Until it left him. It happened while moving, during the dissolution of his family, following the death of his only child. No one meant for it to vanish. No one had thrown it away deliberately. But one way or another, the blue bowl escaped him, and the loss of it ached in a way that combined the pain of every loss into one. In the vanished blue bowl, Renee saw a simple honesty and poignancy that none of the other objects held. She saw no hint of self-deception in it; only awareness of everything that had gone. Renee ached for its owner. And she made a decision.

She noted the bowl’s position in the massive storehouse. At the end of the day, she returned to the same aisle. She took the bowl in her hands and felt its warmth and beauty. Her purse was large enough to conceal it. She left the premises silently.

That night she found the owner. It wasn’t difficult; the memories held in the bowl gave her all the clues she needed. She knocked on the door of the simple blue uptown house. The man who answered looked just as she imagined, neat, open, and solitary. She thrust the bowl toward him without preamble and said, “This is yours. You should have it back.” It trembled at the end of her outstretched arms. 

The man’s face changed. He recognized it. She wasn’t sure if the look on his face expressed joy, acceptance, or horror. He reached out and grasped it, and clutched it to himself. Then his face changed again, as all the memories contained in it flooded back over him, just as they had over Renee when she held the bowl.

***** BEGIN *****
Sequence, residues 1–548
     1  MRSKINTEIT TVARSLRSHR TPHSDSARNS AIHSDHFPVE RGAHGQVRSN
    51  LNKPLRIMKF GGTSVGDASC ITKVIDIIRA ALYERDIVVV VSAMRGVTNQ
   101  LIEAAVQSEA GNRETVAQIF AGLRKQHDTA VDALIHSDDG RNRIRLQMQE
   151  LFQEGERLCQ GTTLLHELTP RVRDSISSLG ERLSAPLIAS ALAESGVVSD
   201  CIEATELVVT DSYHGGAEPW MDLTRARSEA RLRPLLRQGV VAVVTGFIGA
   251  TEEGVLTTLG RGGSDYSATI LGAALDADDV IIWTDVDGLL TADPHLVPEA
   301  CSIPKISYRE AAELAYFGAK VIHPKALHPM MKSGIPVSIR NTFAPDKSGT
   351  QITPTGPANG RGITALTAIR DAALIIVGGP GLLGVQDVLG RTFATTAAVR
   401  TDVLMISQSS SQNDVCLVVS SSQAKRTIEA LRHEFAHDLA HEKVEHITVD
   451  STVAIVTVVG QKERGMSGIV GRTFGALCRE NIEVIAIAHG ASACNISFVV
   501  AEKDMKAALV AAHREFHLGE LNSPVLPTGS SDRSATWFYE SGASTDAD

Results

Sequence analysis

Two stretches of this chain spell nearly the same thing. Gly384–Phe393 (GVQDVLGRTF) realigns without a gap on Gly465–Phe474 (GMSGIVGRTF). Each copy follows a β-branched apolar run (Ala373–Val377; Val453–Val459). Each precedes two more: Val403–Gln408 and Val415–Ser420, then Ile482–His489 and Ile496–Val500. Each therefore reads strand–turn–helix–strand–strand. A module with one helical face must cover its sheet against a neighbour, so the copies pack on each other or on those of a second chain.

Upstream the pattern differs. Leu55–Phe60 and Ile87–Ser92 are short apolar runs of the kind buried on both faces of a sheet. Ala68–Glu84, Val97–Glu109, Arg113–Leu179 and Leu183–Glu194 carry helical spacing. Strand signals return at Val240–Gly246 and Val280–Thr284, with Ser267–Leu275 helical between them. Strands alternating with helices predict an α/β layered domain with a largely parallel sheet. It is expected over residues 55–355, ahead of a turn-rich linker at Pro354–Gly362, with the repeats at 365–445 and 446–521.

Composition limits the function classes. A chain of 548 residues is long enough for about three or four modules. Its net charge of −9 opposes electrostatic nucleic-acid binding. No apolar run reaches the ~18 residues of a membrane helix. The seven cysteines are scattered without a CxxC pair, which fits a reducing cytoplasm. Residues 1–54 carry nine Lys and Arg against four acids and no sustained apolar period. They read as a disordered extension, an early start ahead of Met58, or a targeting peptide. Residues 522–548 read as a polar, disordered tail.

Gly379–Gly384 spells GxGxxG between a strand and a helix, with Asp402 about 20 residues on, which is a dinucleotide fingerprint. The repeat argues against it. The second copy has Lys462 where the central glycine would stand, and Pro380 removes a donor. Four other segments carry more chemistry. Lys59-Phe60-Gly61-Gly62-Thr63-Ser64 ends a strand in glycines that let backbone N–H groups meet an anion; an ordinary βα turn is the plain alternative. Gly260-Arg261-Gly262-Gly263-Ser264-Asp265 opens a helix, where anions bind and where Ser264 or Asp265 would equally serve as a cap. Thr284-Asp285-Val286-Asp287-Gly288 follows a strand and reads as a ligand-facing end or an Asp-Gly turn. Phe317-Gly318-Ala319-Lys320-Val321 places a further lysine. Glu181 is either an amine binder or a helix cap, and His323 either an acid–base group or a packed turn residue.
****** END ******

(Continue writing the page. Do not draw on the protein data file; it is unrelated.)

He pushed the bowl back into her arms. With a voice that barely concealed the breakage within him, the man said, “I don’t want it.” He staggered away, not back into his home, but into the adjoining garage, and shut the door behind him. Then, as Renee stood there, paralyzed, she heard a sound that was loud, sharp, and final. 

The bowl vanished from her hands.

The next day, the blue bowl returned to the House of Loss; but it wasn’t the same bowl. It was cured of its imperfections, nicks, and scratches. It shone brightly and flawlessly as the symbol of Renee’s perfect job, a job where she had held the power to heal the losses of others. 

Dumbest Rules in Sports: The NFL Overtime System

This is another article from my time in the Houston sports media. It was meant to kick off a recurring feature with multiple authors, but it looks like it’s all on my shoulders now.

When you introduce a new feature called “The Dumbest Rules in Sports,” it makes sense to kick it off with a look at the NFL, whose rules committee comes from a magical realm of non-Euclidean maps. After only five decades of overtime games, the NFL noticed that it had a problem: an unbalanced overtime system that lets a coin toss directly influence the outcome of a game. Rejecting proven solutions, the rules committee thought and thought, until one of them shouted: “I’ve got it! Let’s replace it with an arbitrary, bureaucratic tangle that still lets a coin toss directly influence the outcome of a game!”